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“The Walk” debuts at NYFF and tries to tightrope walk through the Oscar season

The Walk Robert Zemekis 600x400
Over the weekend, audiences at the New York Film Festival were the very first to get a look at the new Robert Zemeckis movie The Walk, as NYFF officially got underway. Starring Joseph Gordon-Levitt, the film is hoping to take some solid word of mouth and make itself into an Oscar player. As one of the few Academy Award hopefuls that hadn’t yet screened for the public, a fair amount was riding on this one. We certainly don’t have a new frontrunner on our hands or anything of the sort, but it’s not something to cross off your list either. The Walk is somewhere in between, which makes my job a bit harder, but that’s nothing really new for me…

For those unaware what the film is about, it’s a narrative feature version of the documentary Man on Wire. The doc, as well as this movie, centers on high-wire artist Philippe Petit, who in 1974 recruited a team to help him achieve his dream of walking a tightrope between the World Trade Center towers. As mentioned above, Zemeckis directs (as well as co-writes with Christopher Browne), Gordon-Levitt plays Petit, and the supporting cast includes James Badge Dale, Charlotte Le Bon, Ben Kingsley, Ben Schwartz, and Steve Valentine, among others. The flick features music by Alan Silvestri and cinematography from Dariusz Wolski, the latter of whom is contributing to what most folks are praising about The Walk…which is the visuals.

While Gordon-Levitt has received some decent notices for his performance, what the first pundits are shouting from the rooftops about (no pun intended) is the re-creation of Petit’s walk. Zemeckis, Wolski, and the visual effects team have flawlessly brought the Twin Towers to life, while the walk itself is rendered in 3D IMAX in such a way that you’ll never doubt the achievement’s craziness. Audience members with vertigo might find themselves a little uncomfortable…that’s how well done it is. Even those somewhat jaded at NYFF seemed rather impressed by the sequence, regardless of how they felt about the rest of the film. The reviews overall were decent, but that moment in the movie is getting raves.

The Walk Joseph Gordon-Levitt

In a way, both the best and worst thing for The Walk is how beloved Man on Wire is. It’s a previous Best Documentary Feature winner at the Oscars, and considered one of the better ones of late as well. What I mean by this is that the film basically has extra publicity and interest built in, but at the same time, will some be dismissive of a fictionalized take after the modern classic that is the non fiction one. If audiences and voters in the Academy accept this take on the material, it could be a boon to its Oscar hopes.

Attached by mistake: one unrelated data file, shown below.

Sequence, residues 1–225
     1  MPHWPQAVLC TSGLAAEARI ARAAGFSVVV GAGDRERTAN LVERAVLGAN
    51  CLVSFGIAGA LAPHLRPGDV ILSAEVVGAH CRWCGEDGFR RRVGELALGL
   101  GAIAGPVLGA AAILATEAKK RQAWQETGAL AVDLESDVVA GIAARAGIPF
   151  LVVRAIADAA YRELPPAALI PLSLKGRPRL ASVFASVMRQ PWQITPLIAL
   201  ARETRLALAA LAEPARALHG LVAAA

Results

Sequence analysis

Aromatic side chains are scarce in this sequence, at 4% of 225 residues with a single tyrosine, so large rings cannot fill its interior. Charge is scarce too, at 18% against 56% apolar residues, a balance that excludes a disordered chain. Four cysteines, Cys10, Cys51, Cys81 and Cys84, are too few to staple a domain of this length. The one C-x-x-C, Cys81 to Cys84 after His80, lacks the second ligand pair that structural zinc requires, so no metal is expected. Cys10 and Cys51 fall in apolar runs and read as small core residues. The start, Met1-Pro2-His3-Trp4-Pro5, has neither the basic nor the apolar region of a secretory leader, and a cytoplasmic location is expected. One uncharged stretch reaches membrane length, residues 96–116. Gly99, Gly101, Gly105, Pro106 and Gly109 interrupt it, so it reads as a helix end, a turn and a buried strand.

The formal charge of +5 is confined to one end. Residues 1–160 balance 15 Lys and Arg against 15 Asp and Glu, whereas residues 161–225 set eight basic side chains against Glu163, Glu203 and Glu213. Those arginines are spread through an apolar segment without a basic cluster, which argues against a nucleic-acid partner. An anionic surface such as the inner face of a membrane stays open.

Awards wise, The Walk might not be too likely of a contender in many places, but I’m sure we’ll get a nice big campaign if it’s a financial hit. Categories like Best Picture, Best Director (for Zemeckis), Best Actor (for Gordon-Levitt), Best Supporting Actor (for Kingsley), Best Supporting Actress (for Le Bon), and Best Adapted Screenplay (for Browne and Zemeckis) might be hard to make happen, but the technical fields like Best Production Design, Best Cinematography, Best Film Editing, Best Original Score, and Best Visual Effects could be better bets. In fact, Visual Effects seems like the one for the film to hang its hat on, though we’ll see what ultimately happens.

It will be a short turnaround for The Walk, which is going from its NYFF Gala debut as the Opening Night film to a wide release this coming weekend, so folks anticipating this one won’t have to wait very long at all. Fans of Gordon-Levitt, Zemeckis, or even the Man on Wire doc, not to mention admirers of Petit, should find something to enjoy here, even if it’s not the Academy Awards game changer some were hoping for it to be. It might just be a solid flick, something with wide appeal and a standout visual sequence to really promote the IMAX format. If that’s all it is, that’s still something to praise and support. We’ll see what Oscar voters wind up thinking about it, so stay tuned there, but at least we know that NYFF is off to another solid start, so there’s that…

The Walk poster
Be sure to check out The Walk, in theaters everywhere starting this Friday!

About Joey Magidson

A graduate of Stony Brook University (where he studied Cinema and Cultural Studies), resides in Brooklyn, New York. He contributes to several other film-related websites and is a member of the Broadcast Film Critics Association.

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